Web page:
These spaces are being traded to create multiple hubs that link directly into the aspirations of their developing ecosystem that is reflected in all areas – strategic goals, pastoral, curriculum, delivery of content, etc.
The nuts and bolts
Technology needs infrastructure and the distribution of hardware throughout the building, irrespective of whether a new-build or retrofit of an existing structure. These ‘unsightly’ services often conflict with the architect’s vision of clean lines and uncluttered space and are therefore usually concealed.
This is perhaps necessary for large, primary service distribution but I wonder whether we need to be more creative when it comes to the distribution of secondary power and data throughout our buildings. There is an apposite and well-versed phrase ‘long-life, loose fit, low energy’ coined first by the architect and RIBA president Alexander Gordon in his 1972 essay of the same title.
To ensure a building is adaptable requires a comprehensive strategic approach to distribution and management of services; placing high priority on access, maintenance and replacement. I would therefore suggest any client engaging an architect should include this necessity as part of their strategic brief.
Acoustics are high on the list of considerations too. Whilst the careful control of unwanted noise and speech clarity has been long addressed by Building Bulletin 93 (BB93), if a more open, untethered approach to the design of schools is adopted then the careful control of the school acoustic needs closer scrutiny and perhaps advanced technical solutions.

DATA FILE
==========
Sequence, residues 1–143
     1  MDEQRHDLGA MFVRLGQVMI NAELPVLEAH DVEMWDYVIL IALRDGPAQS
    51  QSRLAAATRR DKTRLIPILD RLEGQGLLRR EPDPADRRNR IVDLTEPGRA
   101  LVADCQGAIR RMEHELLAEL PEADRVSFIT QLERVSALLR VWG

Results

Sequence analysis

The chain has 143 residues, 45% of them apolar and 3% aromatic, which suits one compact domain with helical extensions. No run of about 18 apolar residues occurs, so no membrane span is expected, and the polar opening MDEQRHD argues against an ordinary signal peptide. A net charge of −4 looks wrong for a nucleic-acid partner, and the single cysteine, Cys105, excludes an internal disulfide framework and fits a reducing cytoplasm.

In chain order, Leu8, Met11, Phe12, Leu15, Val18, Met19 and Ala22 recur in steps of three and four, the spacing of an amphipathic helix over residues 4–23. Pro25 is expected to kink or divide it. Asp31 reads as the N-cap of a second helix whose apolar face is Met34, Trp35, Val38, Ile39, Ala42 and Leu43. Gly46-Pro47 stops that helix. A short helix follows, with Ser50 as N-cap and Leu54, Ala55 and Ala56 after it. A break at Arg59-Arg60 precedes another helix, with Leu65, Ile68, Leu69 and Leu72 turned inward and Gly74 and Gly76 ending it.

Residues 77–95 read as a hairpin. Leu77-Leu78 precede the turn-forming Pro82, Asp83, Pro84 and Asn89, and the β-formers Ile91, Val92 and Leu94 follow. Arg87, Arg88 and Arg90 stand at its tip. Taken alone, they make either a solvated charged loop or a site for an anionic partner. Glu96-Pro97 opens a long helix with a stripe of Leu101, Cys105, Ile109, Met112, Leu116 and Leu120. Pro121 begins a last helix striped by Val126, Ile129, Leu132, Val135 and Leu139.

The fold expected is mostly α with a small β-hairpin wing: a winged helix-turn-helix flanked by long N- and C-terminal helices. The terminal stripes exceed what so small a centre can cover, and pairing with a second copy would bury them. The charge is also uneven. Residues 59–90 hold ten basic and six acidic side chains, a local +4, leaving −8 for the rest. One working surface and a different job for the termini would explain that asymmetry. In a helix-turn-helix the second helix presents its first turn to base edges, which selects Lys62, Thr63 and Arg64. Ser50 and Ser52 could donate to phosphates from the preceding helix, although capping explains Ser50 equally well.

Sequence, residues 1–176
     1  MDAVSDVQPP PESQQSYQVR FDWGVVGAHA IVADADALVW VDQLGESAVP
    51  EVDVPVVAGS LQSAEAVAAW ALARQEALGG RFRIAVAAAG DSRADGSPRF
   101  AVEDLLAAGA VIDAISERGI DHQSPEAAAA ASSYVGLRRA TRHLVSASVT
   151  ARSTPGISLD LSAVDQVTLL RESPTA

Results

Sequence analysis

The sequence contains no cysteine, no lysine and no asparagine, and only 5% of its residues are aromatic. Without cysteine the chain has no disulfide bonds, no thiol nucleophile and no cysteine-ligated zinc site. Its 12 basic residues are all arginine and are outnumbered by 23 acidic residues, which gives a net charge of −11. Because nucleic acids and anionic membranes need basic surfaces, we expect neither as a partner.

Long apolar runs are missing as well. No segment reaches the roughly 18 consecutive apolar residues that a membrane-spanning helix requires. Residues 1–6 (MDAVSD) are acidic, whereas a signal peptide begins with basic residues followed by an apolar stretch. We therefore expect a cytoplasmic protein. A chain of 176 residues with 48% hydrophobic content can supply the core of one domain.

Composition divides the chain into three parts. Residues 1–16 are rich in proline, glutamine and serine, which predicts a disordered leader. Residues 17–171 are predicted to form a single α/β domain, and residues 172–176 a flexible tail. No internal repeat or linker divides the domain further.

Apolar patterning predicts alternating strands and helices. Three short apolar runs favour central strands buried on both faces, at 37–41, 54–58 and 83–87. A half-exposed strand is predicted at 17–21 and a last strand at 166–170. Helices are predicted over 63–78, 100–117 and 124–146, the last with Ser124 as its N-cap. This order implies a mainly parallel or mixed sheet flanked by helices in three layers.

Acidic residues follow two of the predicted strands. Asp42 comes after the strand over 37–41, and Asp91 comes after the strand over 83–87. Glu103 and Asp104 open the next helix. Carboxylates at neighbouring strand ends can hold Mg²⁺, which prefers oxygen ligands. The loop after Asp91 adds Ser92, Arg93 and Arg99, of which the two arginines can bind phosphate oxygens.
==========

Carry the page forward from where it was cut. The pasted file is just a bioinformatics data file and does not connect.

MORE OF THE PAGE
Whilst I am promoting flexible space to support virtual-learning, I’m not necessarily promoting buildings in which moveable partitions are shifted and spaces changed regularly. As far as I am concerned buildings tend to be permanent objects and the only things that should move in them are doors, windows and occupants.
Experience tells me that anything else that moves tends to either break or not be used at all. It is perfectly possible to design spaces in such a way as to afford flexibility in their use – not shifting shape!
The UK enjoys a world class independent education system which is being exported across the globe. We are helping schools such as Wellington College who, having grown six International School Partnerships in the far-east, are grappling with these very issues of the blended of EdTech, virtual-learning and the physical school environment in the design of new partner schools.
If leading educators such as Wellington are grappling with this evolving and blended school environment then it won’t be long before this paradigm filters down through the whole system. It is for school designers to carefully observe and respond to the sea-change transformation that seems to be occurring.
I’ve barely touched upon other salient points in the transition to more ubiquitous EdTech: device security, charging facilities, cyber-bullying, safeguarding, upskilling teachers; let alone fair, open and equal access for all to expensive technology.
These are all challenges that must all be addressed and accommodated within the design of our school buildings. Indeed, EdTech’s impact on the curriculum could even reduce the size and quantity of classrooms and cost of the school in the same way that the office will be transformed and reduced in size/location in a post-Covid world.
EdTech and virtual-learning cannot and never will replace the presence of a teacher but schools could change enormously to become loose-fit, adaptable, varied, bright, inspiring, holistic and integrated places in which to learn and grow.